• Utilizing your bed for purposes other than sleeping can lead to associations between your bed and being awake.

Although frequently disregarded, eating decisions can affect sleep issues, including Insomnia. The following are a few examples:

  • When consumed in the afternoon and evening, caffeine is a stimulant that can stay in the body for hours, making it difficult to fall asleep and perhaps causing Insomnia. Another stimulant that might impair sleep is nicotine.
  • Because it disrupts the sleep cycle and results in fragmented, non-restorative sleep, alcohol, a sedative that can make one feel drowsy, can worsen sleep.
  • When taken later in the evening, eating hearty meals and spicy foods can be difficult on your digestive system and may cause issues with sleeping.

Some Cymbalta users frequently experience Insomnia as a side effect. For example, 10% or more of Cymbalta users report having sleeplessness. While there are numerous potential reasons for Insomnia, one probably has Cymbalta-induced insomnia if they’re only starting to show symptoms now. In addition, the withdrawal and termination of Cymbalta can also cause Insomnia.

Insomnia and Addiction:

There may be a complicated and reciprocal relationship between the two. For example, substance use leads to sleep issues, but insomnia and insufficient sleep may also be drug use and addiction risk factors.

Since lack of sleep causes numerous physical and emotional problems that some people will try to self-medicate with drugs or alcohol, addiction and insomnia frequently coexist. About half of those who frequently abuse alcohol or narcotic medications and have sleep difficulties do so to improve sleep.

Moreover, among those in recovery from a substance use disorder, Insomnia is one of the most prevalent symptoms. Continued drug misuse and prolonged withdrawal from a substance modify how people fall asleep, and this change might leave some recovering drug users sleepless for days or weeks. Many people have such severe Insomnia that it forces them to relapse in order to get some sleep.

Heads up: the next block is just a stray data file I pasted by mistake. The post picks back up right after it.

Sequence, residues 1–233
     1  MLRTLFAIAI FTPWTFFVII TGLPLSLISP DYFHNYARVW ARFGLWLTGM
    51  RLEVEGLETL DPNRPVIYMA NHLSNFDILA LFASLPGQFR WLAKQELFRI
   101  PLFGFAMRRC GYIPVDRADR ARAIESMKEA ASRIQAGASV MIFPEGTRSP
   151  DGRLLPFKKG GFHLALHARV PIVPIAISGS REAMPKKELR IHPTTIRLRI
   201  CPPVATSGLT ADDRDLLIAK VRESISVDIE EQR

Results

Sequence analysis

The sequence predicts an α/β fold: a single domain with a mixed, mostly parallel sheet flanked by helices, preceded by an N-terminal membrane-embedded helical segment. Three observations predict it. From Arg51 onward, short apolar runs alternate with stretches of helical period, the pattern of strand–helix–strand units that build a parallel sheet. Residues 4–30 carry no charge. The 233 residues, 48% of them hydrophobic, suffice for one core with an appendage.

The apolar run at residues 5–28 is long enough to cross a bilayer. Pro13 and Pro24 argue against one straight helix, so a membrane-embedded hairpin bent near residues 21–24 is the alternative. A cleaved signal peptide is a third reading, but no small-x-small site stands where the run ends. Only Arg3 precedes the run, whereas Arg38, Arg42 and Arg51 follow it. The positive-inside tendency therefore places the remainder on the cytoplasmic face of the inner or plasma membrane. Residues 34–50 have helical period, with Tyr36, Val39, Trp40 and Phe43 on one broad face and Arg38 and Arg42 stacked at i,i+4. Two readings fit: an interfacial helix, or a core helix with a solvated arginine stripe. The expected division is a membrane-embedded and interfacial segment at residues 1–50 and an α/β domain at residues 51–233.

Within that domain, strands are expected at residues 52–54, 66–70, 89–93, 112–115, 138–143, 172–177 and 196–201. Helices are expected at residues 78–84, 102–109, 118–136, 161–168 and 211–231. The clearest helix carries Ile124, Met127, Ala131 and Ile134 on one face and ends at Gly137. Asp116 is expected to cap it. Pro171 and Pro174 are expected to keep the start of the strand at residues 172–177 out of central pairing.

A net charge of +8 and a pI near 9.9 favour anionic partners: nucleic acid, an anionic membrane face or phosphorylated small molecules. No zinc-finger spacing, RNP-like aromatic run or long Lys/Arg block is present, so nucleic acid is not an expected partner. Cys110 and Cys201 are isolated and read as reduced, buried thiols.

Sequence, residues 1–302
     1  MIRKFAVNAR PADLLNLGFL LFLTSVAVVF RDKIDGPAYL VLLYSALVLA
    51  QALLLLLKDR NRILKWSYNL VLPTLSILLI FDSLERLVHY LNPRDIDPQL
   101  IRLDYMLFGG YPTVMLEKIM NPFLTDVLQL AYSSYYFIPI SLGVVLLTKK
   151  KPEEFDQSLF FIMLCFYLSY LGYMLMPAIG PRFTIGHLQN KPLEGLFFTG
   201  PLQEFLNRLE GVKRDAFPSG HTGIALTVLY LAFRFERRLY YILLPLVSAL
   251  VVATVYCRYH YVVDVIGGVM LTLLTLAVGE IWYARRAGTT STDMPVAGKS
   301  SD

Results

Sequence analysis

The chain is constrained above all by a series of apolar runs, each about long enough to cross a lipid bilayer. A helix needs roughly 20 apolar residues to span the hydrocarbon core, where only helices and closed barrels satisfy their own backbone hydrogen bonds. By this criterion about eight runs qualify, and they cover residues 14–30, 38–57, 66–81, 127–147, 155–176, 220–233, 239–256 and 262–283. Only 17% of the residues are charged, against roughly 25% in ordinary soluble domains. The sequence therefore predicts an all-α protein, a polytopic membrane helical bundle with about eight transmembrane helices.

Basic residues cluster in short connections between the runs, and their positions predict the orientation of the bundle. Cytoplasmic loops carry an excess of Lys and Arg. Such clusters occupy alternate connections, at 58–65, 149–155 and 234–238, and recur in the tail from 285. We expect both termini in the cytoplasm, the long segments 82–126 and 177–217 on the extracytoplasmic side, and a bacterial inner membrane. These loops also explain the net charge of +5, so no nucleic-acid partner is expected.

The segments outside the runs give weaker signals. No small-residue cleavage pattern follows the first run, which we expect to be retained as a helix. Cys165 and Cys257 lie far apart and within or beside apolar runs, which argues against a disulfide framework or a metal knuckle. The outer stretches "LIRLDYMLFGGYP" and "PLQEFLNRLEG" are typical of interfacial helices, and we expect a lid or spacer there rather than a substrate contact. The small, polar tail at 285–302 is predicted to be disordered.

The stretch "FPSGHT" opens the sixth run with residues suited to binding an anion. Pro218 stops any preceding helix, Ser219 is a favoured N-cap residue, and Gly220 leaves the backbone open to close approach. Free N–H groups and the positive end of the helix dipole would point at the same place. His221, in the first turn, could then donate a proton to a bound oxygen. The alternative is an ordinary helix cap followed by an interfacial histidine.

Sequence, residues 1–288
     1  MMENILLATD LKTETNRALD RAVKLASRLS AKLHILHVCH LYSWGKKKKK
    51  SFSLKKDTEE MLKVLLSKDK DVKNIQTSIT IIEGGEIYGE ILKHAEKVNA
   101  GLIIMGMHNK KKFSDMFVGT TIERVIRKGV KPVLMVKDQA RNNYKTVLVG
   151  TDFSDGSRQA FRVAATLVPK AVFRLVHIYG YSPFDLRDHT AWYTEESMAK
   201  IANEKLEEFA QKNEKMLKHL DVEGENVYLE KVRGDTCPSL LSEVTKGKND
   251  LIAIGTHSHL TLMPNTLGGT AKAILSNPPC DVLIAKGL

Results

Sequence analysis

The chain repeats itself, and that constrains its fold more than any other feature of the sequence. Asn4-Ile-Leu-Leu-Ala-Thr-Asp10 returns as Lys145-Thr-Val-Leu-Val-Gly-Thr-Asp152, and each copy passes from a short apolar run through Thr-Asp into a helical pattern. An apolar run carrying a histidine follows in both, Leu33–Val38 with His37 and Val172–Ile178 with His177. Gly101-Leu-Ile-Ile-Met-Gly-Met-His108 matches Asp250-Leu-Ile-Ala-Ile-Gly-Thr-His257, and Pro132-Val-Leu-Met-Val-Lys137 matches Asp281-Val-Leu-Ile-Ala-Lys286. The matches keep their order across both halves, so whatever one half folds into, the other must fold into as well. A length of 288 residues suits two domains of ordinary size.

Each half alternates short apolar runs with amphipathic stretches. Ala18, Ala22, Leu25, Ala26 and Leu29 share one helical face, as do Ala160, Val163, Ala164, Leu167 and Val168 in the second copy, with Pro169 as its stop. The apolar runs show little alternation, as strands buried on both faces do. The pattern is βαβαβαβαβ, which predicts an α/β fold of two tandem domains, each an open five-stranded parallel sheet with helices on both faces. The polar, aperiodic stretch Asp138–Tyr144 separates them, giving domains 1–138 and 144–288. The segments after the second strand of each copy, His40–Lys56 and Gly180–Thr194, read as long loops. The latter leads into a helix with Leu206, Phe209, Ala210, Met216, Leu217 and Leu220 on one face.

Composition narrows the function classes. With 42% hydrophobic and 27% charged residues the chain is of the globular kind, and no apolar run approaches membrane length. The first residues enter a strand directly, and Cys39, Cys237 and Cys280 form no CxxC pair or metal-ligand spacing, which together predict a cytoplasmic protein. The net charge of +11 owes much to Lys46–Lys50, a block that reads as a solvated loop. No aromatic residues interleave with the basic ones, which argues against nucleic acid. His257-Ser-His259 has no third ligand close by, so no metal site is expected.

Treatment for Insomnia for People Who Suffer from Substance Abuse Disorder (Addiction):

It may not be the safest course of action to treat Insomnia with medicine if one has a history of drug addiction, as prescription drug abuse is a risk. However, as a substitute, your healthcare provider can advise concentrating on therapy and lifestyle modifications to enhance your sleep habits. In addition, numerous complementary health methods, including yoga, meditation, and dietary supplements, have been found to be effective in treating Insomnia.

Basic Instructions given by doctors are:

  • Follow a sleeping pattern. Even on weekends, try to maintain a regular bedtime and wake-up time.
  • Continue to be active.
  • Limit or avoid napping.
  • Avoid or limit your consumption of alcohol, nicotine, and caffeine.
  • Pre-bedtime drinks and heavy meals should be avoided.

Addiction-related health problems can be challenging to manage. Drug Rehab facilities are extremely beneficial in the treatment of substance addiction. In addition, psychologists can offer assistance in helping patients overcome addictions, cope with stressful situations, and manage their chronic conditions. Talk to a doctor or mental health care professional if the behavior is causing distress and disrupting your life.

Consult a Doctor to get the right help for your addiction issues and its related health problems.